Observations

Feb 22, 2017

Dark energy tests with quasar monitoring IX

2016-2-SCI-024

The Cosmos is an amazing place full of surprises. Current astronomical observations indicate that the Universe consists in only 5% of the well-known matter, but in 95% of invisible and not understood substances: dark matter and dark energy. Astronomers are convinced of the existence of dark matter, as there is strong observational evidence that it prevents clusters of galaxies from dispersing and forms dark halos around individual galaxies. However, most of the unknown stuff has the form of even more mysterious dark energy, which acts in the opposite way to gravitational attraction: it causes the acceleration of the universal expansion. This conclusion is so peculiar that we need to be sure that our measurements of the expansion are correct, and for that we need various independent measurement methods. The approach that we use to trace dark energy employs quasars – very luminous centres of active galaxies, which are observed from even very large distances – and we need to monitor their behaviour for many consecutive years. Our monitoring is one of the possible ways to answer various questions about dark energy. We predict that quasars can be used to probe the properties of dark energy in a complementary way to the currently employed supernovae type Ia.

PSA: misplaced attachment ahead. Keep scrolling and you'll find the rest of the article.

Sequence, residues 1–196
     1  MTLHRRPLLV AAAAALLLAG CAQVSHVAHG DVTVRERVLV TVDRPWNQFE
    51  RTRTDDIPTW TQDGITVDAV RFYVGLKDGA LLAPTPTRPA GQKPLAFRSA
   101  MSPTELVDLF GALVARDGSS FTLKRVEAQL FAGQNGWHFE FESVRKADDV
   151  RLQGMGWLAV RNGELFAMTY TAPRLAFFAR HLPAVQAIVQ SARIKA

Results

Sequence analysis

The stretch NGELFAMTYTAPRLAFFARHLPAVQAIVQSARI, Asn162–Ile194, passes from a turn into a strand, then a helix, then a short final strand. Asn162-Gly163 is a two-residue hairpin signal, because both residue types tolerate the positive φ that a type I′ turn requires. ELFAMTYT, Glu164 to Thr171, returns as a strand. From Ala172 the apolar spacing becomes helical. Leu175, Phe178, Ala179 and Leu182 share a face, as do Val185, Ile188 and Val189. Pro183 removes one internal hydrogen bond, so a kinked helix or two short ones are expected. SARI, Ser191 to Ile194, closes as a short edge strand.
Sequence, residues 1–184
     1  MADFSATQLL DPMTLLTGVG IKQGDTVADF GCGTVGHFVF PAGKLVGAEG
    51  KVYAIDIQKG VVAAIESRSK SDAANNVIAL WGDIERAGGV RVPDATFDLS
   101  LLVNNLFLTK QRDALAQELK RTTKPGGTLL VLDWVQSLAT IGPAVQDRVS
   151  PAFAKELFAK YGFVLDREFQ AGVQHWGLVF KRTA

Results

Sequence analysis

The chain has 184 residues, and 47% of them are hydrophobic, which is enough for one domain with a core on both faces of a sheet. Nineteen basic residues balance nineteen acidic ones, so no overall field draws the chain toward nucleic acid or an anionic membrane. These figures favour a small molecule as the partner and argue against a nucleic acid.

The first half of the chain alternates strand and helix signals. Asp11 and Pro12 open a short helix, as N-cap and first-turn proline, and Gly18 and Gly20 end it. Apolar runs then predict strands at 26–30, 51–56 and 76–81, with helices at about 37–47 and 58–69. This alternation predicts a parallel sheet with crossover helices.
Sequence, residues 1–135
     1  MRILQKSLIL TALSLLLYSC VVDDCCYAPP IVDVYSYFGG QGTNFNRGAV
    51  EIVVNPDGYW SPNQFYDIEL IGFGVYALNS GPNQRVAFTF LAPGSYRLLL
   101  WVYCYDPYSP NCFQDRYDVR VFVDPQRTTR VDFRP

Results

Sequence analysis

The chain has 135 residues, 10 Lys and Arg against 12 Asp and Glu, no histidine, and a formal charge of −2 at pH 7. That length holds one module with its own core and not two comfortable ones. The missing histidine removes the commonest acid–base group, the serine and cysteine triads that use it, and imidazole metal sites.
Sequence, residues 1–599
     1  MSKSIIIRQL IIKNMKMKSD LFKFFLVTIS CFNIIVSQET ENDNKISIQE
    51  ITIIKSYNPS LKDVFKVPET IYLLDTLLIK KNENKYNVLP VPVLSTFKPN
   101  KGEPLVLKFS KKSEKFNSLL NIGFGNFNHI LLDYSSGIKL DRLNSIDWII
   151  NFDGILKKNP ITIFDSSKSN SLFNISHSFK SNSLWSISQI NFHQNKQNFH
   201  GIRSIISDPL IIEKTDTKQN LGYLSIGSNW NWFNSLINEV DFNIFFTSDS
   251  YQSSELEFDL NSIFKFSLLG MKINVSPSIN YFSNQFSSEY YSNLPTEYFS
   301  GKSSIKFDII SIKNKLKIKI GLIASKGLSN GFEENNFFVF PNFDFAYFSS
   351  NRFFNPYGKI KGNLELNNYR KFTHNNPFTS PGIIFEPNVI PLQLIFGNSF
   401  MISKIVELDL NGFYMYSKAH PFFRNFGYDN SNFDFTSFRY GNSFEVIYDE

Monitoring the line emission in Southern Galactic Be/X-ray binaries

2016-2-SCI-047

Lines arising from the disc of material around Be/X-ray binaries are highly variable on multiple timescales. The variability seen is intimately linked to the mass transfer and resulting X-ray emission seen in such systems, though the details of this link are still not well understood. We are monitoring these lines with SALT/RSS to see how they change during periods of differing X-ray activity and at different points around their orbits.

Spectroscopic observations of bright RR Lyrae variables lacking radial-velocity measurements

2016-1-MLT-003

Spectroscopic observations of bright RR Lyrae variables lacking radial-velocity measurements

Completing RINGS: the RSS Imaging spectroscopy Nearby Galaxy Survey (Phase II)

2016-2-SCI-010

We will measure the orbital speeds of hydrogen gas cloudsin nearby galaxies like our own Milky Way, and we will use them to derive the total mass distribution of each system. By comparing this mass to those of the gas and the stars in each system, we can map its dark matter content. Our main scientific goal is to compare this dark matter content to theoretical models developed from computer simulations of the evolution of the Universe: are our observationsconsistent with predictions from the standard cosmological model input into the simulations, or is our understanding of cosmology and/or galaxy formation incomplete?

Spectroscopy of Low Surface Brightness Galaxies in the GAMA regions

2016-2-SCI-036

We are measuring the emission lines of small, faint galaxies known as low surface brightness galaxies, in order to estimate their distance and how fast they are forming stars.

Systematic radial velocity monitoring of likely intermediate period post-AGB binaries

2016-2-SCI-034

We are looking for double stars in planetary nebulae.